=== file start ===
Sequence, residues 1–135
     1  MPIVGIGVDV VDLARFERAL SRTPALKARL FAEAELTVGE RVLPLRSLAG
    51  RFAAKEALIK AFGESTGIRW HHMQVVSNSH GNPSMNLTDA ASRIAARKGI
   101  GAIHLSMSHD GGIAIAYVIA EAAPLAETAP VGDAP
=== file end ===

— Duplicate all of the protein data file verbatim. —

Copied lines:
Sequence, residues 1–135
     1  MPIVGIGVDV VDLARFERAL SRTPALKARL FAEAELTVGE RVLPLRSLAG
    51  RFAAKEALIK AFGESTGIRW HHMQVVSNSH GNPSMNLTDA ASRIAARKGI
   101  GAIHLSMSHD GGIAIAYVIA EAAPLAETAP VGDAP